• Don't just accept whatever your tool says as the answer right away. Utilize what you know about your audience, the buyer's journey, and your content concept definitions to help you qualify or disqualify topics and long-tail keywords. Context is key at this point, so don't let a tool tell you what to do every time.
  • Not all content concepts and pillar topics are created equally. As you start to build up a list from your research, prioritize which ones are most important based on your buyer's journey needs and the search traffic that could be driven by each term.

You now have everything you need to do in order to drive campaign success through content creation. Now it's time to map out what you'll be doing, when, and how.

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Step 7 - Build An Editorial Calendar

Often times, marketers will move too quickly into building an editorial calendar which leads to a host of problems from too much/too little mapped out, to improperly prioritized activity, and an overall disjointed strategy. Only after you've gone through all of the above 6 steps will you truly be ready to build an editorial calendar that will help drive success through targeted activity.

When establishing an editorial calendar for your content, consider the following for each piece you would like to update, repurpose or create:

  • What is the project's title?
  • What is the project's type and where will it live on your site? Examples include premium content/offer, website page/copy, pillar page, and blog articles.
  • What stage of the buyer's journey does this fit within?
  • What content concept does this fit within?
  • What product or service are you ultimately promoting?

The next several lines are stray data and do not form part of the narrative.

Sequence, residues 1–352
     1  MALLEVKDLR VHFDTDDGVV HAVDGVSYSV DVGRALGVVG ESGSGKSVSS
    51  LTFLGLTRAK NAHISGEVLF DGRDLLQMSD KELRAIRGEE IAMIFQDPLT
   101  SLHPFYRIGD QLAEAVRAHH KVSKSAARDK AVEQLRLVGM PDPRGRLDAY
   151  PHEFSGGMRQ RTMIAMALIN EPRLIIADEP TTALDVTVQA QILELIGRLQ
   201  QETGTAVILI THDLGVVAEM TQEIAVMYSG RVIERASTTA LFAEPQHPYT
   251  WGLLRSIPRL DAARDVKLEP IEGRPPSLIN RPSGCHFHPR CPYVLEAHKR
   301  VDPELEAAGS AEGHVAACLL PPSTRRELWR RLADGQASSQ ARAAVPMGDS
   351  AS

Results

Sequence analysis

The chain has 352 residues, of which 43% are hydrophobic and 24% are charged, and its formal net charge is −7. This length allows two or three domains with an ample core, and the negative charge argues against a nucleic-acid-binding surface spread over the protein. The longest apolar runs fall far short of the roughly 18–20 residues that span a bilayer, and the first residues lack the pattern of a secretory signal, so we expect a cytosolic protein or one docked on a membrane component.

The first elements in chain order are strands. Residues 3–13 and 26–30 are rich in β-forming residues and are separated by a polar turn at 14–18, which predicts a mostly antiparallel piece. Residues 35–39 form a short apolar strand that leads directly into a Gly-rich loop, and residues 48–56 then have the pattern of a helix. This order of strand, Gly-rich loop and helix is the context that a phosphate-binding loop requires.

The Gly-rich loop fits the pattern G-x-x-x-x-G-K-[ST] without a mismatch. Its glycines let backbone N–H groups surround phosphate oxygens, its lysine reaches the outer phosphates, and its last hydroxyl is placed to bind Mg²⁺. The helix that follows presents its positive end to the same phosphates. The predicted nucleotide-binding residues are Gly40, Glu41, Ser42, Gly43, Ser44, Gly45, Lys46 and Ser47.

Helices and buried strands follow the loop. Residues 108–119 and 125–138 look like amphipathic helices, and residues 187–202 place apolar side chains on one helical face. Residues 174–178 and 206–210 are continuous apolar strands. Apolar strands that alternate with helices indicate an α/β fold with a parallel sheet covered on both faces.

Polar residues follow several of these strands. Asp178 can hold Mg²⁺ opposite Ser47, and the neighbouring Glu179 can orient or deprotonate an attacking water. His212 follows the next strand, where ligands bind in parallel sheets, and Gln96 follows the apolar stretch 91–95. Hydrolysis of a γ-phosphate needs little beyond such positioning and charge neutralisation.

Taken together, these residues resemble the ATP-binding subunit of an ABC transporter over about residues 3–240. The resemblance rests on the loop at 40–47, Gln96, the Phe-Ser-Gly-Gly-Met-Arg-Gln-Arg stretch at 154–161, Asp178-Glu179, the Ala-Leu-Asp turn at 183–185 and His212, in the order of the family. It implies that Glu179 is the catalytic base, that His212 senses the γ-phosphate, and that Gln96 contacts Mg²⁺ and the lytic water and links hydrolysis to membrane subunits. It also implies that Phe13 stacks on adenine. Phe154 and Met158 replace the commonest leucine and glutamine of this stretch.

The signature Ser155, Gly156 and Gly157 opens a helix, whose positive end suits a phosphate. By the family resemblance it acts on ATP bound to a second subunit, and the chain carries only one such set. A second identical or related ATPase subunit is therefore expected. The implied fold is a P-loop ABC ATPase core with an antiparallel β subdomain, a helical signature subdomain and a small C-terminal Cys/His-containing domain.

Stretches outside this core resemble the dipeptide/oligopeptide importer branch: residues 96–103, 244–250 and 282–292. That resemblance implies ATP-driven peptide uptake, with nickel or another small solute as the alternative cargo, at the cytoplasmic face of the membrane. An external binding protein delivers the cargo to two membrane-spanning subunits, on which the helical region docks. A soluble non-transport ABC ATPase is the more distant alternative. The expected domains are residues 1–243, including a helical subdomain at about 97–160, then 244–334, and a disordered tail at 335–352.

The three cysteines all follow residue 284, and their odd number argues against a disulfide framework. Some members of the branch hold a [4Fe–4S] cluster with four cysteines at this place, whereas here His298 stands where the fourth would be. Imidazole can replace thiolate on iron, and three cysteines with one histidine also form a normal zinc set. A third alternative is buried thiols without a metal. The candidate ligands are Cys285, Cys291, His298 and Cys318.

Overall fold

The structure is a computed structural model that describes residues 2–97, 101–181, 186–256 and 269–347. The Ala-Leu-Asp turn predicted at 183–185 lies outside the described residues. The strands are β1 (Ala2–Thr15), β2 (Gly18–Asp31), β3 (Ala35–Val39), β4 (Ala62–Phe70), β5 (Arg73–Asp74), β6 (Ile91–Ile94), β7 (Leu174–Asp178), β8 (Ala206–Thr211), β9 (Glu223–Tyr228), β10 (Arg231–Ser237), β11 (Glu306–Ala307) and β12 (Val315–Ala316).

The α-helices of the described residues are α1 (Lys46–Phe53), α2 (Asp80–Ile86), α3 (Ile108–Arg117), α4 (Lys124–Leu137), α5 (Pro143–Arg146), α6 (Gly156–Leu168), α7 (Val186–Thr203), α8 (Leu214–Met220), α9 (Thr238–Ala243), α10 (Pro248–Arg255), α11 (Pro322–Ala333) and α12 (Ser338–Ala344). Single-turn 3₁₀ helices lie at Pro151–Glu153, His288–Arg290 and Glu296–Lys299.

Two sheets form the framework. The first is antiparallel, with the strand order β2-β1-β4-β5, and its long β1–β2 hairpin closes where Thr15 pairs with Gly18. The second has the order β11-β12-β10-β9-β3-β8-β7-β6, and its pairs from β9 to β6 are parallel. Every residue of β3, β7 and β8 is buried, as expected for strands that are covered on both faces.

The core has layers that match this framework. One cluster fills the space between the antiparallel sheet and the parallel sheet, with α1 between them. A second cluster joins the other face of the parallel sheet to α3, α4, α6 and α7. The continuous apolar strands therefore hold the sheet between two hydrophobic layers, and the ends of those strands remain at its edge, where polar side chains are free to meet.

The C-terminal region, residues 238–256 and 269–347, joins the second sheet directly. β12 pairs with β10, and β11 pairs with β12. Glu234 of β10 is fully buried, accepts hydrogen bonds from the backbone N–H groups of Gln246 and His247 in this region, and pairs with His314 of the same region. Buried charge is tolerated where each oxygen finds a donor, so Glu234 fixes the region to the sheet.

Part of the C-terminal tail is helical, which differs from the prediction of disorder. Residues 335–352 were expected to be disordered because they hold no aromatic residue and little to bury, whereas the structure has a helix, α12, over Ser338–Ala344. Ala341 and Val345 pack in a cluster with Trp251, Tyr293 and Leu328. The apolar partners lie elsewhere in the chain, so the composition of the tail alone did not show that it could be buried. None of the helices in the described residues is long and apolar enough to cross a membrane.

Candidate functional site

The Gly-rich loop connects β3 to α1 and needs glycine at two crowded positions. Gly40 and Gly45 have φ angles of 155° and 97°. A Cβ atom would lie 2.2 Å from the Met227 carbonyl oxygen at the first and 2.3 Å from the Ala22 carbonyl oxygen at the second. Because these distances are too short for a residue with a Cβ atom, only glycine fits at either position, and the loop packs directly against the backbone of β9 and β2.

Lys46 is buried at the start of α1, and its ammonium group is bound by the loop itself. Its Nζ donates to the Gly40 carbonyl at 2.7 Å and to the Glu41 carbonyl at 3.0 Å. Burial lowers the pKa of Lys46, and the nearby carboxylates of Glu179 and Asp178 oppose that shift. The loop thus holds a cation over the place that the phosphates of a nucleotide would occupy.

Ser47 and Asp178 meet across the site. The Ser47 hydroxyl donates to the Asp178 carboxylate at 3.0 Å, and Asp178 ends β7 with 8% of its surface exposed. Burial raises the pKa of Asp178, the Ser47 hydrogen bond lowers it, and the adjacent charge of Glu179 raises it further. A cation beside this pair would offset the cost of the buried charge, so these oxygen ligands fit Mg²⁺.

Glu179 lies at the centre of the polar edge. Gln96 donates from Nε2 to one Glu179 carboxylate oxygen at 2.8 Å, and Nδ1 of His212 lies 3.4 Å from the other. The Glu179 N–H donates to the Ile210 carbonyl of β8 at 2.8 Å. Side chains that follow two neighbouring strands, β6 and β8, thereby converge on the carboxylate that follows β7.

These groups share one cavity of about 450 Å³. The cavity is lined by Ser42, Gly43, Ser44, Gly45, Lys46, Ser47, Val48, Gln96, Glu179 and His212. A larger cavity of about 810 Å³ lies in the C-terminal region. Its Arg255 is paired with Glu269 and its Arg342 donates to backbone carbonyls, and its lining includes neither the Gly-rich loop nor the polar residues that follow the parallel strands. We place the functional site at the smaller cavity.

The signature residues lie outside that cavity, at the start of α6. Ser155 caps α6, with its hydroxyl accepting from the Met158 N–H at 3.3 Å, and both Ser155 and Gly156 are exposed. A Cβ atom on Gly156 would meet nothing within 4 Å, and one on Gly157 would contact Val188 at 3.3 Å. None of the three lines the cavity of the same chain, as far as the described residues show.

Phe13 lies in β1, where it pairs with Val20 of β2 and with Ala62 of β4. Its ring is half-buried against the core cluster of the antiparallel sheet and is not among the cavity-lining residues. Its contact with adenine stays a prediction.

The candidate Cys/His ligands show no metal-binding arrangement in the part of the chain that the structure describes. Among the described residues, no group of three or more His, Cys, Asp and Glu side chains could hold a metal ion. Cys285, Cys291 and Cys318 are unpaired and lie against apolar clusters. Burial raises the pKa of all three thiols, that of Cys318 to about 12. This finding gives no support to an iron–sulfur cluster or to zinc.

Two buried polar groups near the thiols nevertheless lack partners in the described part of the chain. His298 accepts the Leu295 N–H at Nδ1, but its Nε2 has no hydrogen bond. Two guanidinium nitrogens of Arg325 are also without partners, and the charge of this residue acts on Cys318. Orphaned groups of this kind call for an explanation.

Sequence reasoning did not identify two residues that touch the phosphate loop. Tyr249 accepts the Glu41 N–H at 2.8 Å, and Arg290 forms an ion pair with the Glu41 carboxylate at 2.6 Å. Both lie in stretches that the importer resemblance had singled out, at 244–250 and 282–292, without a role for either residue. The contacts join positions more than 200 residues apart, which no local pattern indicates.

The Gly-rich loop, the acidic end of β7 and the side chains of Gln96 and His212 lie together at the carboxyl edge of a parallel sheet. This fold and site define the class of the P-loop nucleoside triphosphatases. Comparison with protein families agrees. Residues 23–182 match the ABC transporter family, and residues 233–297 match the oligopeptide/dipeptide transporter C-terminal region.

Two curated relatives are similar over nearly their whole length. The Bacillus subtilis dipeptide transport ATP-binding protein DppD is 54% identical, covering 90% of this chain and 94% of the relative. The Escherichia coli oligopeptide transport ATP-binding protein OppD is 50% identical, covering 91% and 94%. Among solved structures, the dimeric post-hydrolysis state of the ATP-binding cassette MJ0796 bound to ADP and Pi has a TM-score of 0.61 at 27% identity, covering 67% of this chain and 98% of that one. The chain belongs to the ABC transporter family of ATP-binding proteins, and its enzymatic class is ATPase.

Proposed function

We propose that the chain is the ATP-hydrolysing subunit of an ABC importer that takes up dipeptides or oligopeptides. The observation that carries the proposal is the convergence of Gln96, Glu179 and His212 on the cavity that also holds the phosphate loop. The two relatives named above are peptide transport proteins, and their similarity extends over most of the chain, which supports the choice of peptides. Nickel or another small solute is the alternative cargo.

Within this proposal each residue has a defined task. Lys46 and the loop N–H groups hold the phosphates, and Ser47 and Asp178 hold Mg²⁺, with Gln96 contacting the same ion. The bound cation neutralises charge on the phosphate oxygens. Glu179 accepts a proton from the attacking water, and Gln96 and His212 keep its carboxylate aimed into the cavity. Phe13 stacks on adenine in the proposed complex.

• What is the project's ultimate goal?
  • What segments of your audience are you targeting with this project?
  • What SEO keyword information do you need for this? Examples include pillar page title and/or long-tail keywords.
  • What is a good description of what this project should cover or comprise of?
  • What call to actions should be used or what next steps should be established within the project?
  • When will you create a draft of this project? When should it be reviewed and finalized? When should it be published?

Remember, this editorial calendar should be driven by your campaign's overall goals and the resources that you have available to you. If you're looking to drive a large amount of new website traffic then you should most certainly be more focused on your blogging/SEO implementation but if you're looking for a greater lead generation then you should consider what new offer content can be created and promoted to help do so. If you find that your goals require more content than you're capable of creating within your role or budget, you'll need to consider what needs to change to either help you hit more reasonable and attainable goals or bring in the right help to drive the activity needed to hit the more aggressive ones already set.

Once you've built an editorial calendar that you believe properly maps out the necessary activity to help drive results through content marketing, you're ready to move into the fun stuff - execution!

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Step 8 - Create, Promote, & Analyze

Ah finally, the moment has come where you can finally start doing shit! You've spent so much time in research mode looking at all the various elements that ultimately helped you establish a sound content strategy and editorial calendar and now you're working off a project plan to drive the results you're going for.